Ouch.

     

    I promised I would suggest a couple ways to protect yourself from the train wreck that is surely coming as fiscal irresponsibility at the federal and state level meet economic reality.  I grew up a poor kid, but my parents had the honesty to say, “We can’t afford it.”  I wanted the same things other kids did, but I grew to respect the simple fact, simply stated, that we can’t afford it.”:  Sometimes we could, sometimes we couldn’t.  Why should it be any different for our state and federal governments?

     

    A crunch is coming.  Whether it is a freeze on federal and state wages, at least until the private sector and the average income-not-overhead worker starts seeing some wage gains; or a reduction of the diamond-and-sapphire-encrusted benefit packages are scaled back to more accurately reflect parity with the private sector, or some other reasonable solution, it will happen. 

     

    Until it does, I would avoid the municipal debt of at least New York, New Jersey, Wisconsin, Oregon, Vermont, Michigan, Illinois and California.  Sometimes what not to do is as important as what to do.  In this case, if you don’t own ‘em, don’t buy ‘em.  If you do, now would be a great time to sell them.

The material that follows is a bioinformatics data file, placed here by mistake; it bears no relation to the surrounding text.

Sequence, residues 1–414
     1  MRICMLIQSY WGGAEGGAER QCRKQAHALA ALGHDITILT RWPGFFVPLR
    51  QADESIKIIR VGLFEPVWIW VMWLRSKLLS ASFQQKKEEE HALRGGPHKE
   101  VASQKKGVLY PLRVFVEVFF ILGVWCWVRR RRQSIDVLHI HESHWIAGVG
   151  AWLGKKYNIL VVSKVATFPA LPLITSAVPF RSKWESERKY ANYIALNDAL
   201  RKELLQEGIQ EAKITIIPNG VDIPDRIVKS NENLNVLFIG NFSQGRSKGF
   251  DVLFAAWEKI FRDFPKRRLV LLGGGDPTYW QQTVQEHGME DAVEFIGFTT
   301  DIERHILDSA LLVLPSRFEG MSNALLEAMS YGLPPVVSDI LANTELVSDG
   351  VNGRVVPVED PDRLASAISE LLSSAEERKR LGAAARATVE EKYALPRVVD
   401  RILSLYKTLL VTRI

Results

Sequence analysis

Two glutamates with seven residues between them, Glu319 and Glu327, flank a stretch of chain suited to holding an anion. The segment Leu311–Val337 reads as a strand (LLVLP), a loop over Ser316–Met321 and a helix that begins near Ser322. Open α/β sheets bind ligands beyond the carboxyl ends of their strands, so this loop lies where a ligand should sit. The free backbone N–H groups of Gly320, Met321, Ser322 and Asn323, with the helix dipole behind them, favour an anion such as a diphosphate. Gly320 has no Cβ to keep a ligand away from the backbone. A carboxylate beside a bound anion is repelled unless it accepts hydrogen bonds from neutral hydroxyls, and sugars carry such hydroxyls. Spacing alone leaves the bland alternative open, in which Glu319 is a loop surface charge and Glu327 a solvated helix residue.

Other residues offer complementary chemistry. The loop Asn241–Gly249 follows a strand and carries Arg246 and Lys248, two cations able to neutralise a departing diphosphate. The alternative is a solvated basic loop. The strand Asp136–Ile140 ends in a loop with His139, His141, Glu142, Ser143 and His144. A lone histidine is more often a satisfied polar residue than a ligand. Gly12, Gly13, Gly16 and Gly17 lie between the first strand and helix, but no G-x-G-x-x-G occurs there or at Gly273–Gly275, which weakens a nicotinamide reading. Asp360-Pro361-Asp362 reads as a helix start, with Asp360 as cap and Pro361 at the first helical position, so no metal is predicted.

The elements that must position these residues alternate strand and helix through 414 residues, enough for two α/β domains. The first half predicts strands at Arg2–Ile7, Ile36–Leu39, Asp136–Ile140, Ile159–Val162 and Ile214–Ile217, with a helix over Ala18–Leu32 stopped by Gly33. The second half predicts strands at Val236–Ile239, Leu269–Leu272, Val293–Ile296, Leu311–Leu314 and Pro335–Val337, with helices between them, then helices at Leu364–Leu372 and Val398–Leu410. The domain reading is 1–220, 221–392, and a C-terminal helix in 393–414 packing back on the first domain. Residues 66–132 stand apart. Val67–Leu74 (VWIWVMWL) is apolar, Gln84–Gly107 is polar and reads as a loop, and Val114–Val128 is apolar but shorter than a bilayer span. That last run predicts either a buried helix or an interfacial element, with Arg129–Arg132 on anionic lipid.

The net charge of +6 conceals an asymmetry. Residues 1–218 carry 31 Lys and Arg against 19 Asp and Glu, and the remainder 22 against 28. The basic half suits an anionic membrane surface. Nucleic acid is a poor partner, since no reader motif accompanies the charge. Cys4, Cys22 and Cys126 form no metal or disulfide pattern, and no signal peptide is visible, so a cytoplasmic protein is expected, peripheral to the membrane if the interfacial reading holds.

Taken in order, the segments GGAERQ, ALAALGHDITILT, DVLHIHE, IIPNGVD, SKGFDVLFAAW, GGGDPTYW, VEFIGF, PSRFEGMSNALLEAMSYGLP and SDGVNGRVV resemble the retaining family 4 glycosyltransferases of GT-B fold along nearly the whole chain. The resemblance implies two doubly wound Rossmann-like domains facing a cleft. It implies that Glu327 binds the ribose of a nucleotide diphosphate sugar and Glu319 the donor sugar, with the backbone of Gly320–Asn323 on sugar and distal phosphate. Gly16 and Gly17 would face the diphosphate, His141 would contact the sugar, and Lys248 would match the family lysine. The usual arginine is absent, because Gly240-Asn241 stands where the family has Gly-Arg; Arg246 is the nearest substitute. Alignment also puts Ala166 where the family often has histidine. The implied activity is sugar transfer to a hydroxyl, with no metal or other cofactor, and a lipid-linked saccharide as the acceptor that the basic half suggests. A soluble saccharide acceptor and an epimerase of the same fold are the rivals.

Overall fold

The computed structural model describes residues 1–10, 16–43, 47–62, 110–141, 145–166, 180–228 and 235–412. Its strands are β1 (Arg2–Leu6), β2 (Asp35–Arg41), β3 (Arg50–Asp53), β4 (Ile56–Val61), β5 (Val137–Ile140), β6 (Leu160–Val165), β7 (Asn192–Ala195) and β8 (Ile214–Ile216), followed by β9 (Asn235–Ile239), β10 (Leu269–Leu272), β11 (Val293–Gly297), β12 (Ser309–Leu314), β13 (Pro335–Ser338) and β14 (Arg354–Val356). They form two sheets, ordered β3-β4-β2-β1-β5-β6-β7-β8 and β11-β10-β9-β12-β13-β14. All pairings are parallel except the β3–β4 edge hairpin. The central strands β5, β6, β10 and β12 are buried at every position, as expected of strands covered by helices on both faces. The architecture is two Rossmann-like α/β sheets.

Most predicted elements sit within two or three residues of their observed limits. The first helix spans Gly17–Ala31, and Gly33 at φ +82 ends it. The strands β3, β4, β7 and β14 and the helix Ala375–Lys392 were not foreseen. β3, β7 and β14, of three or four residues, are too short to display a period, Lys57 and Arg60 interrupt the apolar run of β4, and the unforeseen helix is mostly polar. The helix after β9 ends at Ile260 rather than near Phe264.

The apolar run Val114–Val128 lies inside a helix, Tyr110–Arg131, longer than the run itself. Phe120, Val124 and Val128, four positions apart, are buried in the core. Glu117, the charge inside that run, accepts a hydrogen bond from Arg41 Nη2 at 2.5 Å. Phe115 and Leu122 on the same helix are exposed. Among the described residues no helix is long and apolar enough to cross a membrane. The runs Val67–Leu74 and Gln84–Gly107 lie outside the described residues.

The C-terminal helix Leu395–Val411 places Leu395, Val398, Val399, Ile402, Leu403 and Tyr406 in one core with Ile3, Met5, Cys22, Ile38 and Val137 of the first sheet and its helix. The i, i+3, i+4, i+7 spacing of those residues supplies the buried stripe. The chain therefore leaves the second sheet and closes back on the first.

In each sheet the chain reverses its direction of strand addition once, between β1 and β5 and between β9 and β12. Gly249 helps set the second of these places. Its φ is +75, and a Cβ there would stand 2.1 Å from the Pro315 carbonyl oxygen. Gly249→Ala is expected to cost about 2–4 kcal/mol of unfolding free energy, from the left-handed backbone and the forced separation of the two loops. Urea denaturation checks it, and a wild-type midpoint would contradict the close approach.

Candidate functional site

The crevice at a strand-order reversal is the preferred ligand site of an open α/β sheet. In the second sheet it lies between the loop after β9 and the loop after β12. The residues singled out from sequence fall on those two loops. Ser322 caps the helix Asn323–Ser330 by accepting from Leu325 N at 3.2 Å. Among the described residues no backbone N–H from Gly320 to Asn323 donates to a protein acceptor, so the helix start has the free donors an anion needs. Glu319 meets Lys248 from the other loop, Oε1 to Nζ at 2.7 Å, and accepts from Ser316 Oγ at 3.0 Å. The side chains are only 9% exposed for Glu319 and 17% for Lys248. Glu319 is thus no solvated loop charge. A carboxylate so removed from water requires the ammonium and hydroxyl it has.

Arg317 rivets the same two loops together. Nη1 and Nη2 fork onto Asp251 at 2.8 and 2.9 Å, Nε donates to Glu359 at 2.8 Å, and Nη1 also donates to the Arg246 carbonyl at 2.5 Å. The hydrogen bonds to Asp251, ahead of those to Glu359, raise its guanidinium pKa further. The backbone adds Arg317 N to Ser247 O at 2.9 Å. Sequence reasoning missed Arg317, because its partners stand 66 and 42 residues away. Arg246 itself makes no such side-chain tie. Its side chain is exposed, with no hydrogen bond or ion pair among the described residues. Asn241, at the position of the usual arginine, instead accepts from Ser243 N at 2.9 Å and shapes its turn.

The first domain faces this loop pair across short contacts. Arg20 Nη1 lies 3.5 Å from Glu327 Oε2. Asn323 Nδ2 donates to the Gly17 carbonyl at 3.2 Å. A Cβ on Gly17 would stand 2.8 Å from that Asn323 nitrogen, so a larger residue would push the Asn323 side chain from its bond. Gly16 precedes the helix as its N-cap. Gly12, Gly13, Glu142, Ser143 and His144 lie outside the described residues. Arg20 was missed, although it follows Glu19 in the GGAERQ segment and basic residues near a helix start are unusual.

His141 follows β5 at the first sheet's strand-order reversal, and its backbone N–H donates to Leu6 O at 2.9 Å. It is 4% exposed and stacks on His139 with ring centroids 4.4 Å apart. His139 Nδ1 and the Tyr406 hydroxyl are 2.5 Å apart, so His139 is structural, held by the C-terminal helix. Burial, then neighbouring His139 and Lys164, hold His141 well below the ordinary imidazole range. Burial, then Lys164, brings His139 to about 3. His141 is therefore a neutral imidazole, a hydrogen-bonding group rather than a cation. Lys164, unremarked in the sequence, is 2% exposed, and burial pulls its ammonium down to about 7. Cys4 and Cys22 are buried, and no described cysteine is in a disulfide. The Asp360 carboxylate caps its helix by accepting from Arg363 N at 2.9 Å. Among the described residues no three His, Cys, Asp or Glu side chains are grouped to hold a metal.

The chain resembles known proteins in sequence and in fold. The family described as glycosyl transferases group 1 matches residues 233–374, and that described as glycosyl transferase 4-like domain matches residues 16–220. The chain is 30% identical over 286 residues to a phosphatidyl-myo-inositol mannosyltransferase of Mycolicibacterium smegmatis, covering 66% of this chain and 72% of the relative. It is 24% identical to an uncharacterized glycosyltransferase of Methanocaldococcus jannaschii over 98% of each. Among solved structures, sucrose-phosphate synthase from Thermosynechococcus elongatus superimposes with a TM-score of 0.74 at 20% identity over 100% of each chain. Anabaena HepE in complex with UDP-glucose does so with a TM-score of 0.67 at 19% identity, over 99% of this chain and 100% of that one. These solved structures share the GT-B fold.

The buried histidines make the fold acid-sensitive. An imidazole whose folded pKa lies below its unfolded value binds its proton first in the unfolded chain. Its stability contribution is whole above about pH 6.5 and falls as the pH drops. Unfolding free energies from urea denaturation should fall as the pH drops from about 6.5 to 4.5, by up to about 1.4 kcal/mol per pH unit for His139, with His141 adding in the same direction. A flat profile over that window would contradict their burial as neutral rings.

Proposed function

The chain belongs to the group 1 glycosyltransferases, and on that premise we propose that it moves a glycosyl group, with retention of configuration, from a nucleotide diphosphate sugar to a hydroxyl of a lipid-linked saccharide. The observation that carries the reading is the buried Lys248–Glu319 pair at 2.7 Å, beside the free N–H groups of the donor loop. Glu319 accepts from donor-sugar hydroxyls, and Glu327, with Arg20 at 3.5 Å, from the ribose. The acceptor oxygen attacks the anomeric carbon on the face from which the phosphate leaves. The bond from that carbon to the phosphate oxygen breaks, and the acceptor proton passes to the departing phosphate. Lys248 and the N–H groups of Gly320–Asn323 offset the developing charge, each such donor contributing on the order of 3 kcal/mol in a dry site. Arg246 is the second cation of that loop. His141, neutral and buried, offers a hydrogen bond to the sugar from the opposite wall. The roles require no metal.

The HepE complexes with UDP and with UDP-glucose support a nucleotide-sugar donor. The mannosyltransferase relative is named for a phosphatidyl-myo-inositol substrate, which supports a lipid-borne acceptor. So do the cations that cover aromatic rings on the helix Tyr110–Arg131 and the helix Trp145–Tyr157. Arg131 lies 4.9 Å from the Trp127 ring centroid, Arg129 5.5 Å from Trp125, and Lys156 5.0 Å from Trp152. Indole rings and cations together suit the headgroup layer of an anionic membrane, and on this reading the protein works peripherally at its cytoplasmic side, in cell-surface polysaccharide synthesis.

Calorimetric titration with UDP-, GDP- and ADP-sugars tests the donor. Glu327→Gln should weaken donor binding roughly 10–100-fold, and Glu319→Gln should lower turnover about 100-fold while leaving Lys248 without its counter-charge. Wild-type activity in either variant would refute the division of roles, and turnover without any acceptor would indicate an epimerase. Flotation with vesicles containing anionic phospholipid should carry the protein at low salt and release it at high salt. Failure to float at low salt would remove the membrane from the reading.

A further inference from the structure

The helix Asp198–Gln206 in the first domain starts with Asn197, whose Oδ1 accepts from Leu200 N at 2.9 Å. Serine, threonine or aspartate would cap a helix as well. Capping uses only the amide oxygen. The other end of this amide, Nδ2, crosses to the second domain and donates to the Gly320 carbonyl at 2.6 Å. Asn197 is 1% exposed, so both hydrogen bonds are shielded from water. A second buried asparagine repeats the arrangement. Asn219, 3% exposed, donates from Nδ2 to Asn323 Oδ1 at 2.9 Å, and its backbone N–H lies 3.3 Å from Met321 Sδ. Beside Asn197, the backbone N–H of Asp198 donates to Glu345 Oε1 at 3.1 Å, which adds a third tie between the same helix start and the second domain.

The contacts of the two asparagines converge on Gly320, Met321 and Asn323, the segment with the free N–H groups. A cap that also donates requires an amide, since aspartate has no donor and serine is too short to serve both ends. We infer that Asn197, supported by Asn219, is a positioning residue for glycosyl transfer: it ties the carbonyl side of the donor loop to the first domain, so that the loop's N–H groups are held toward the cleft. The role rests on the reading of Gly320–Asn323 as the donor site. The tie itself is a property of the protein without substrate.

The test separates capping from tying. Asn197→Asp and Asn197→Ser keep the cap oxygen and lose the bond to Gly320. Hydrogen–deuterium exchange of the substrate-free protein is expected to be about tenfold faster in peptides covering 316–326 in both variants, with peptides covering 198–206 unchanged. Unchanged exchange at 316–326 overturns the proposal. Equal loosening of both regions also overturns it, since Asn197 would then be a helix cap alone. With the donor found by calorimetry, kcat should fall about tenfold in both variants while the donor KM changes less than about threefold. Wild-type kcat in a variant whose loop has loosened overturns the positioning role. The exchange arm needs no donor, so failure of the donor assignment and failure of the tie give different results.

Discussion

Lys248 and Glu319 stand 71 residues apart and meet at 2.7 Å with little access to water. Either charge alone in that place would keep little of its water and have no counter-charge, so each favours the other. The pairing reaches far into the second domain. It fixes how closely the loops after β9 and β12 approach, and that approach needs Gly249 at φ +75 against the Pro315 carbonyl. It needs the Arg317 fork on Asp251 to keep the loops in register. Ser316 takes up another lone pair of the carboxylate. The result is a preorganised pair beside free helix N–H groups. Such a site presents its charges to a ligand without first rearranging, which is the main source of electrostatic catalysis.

In addition, I think the rest of the world sees rather more clearly what federal socialism does to capitalist entrepreneurialism.  Many of the “emerging” nations were once socialist or communist – Brazil, Russia, India, China (which still is, at least in name), Indonesia, Eastern Europe, Israel, et al.  Every one of them is now “Emerging” or “Developed” rather than Third World precisely because they threw off the yoke of Big Government!  They know better than to keep buying our Treasuries when they see the madness of our policies.